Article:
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ProcessBuilder incorrectly processes embedded spaces within embedded quotes as required by Windows 7

 
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Using Windows XP+ (7, 8, etc) the file paths can have embedded spaces.

This must be processed correctly because the various product installers including Windows its self builds just such paths.

Therefore using paths without embedded spaces is NOT possible, to belay comments about just change path names.

Further, some tools require that their command line arguments use these paths.

A common type of command line argument (single quotes are my addition) might be '-I"C:\Program Files (x86)\Product\Library"'

The "s in the command line argument are required for the Windows command processor to correctly parse the command which is standard with Windows.

All solutions I found recommended on the web for processing the spaces in the path name fail with the above argument because of the use of both embedded spaces and "s.

I have found various references on the web identifying this specific problem of Java, ProcessBuilder, and Windows.

I have build simple test programs to test various options and as of yet have not found any solution.

I have escaped the "s, escaped the \s, and various combinations.

None work nor does any solution I have found on the web.

What is particularly annoying about this, is that I can pass correctly a space embedded file name/directory name but not pass a command line argument of the for -I"C:\Pro ..... mentioned above.

Example of file name path that works successfully (double \\ required by Java):

"C:\\Software Development\\MyTesting\\VS2008\\CPP\\EchoCommandLineArguments\\Debug\\EchoCommandLineArguments.exe"

Which ProcessBuilder builds process request as

C:\Software Development\MyTesting\VS2008\CPP\EchoCommandLineArguments\Debug\EchoCommandLineArguments.exe"

For the curious, EchoCommandLineArguments.exe is a quick and dirty C++ executable the echos its command line arguments.

If I go to a windows command prompt, I can type the command and arguments as required, specifically, -I"C:\Program Files (x86)\Product\Library"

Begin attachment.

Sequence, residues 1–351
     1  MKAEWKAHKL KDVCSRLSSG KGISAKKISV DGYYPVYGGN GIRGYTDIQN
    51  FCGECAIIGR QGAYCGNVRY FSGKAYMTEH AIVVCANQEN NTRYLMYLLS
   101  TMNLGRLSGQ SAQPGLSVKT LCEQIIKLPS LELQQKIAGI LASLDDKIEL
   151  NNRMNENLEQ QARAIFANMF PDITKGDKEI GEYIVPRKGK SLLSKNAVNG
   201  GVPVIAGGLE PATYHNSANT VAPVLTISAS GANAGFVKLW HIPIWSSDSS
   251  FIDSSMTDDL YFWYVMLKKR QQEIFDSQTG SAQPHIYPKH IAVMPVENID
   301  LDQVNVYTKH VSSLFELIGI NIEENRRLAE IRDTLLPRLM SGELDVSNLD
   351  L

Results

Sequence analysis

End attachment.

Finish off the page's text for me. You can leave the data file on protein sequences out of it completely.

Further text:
Is there a solution? Or is Java not a full production environment?

I am using the following Windows 7 version 6.1, Netbeans IDE 7.4 (Build 201310111528), Java 1.7.0_45; Java HotSpot(TM) 64-Bit Server VM 24.45-b08, and Runtime Java(TM) SE Runtime Environment 1.7.0_45-b18.

I have additionally been unsuccessful using the Process.exec method.

Thanks in advance,

Pat

 
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Welcome to the Ranch

Please don't push enter after every sentence; it makes the text more difficult to read.
I shall move this discussion as too difficult for “beginning”.

Where are the quote marks? You have one set of arguments with quotes at both ends and one set with quotes at the tail end only. Why? Are those quotes part of the Java code or part of the String literal? Why have you not get \" at each end of the arguments?
 
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Patrick Ireland wrote:

A common type of command line argument (single quotes are my addition) might be '-I"C:\Program Files (x86)\Product\Library"'



The quoiting is required on the Windows command line because cmd.exe requires it in order to know where to split the line into arguments but using ProcessBuilder this is handled by using


i.e. since cmd.exe is not involved the cmd.exe quoting requirement is bypassed.
 
Patrick Ireland
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Richard,

You are absolute correct.
Given your suggestion, I was able to us my little test program and the arguments were indeed interpreted correctly.
The difficulty I encountered was try to exactly duplicate the string as would be typed on the command line.
I was unaware that a simple outer set of "s would be acceptable as that is not acceptable on the command line.
I must forever single your praise.
So much for 15 years of Java experience and my Java certification.
But I do have a unrelated question.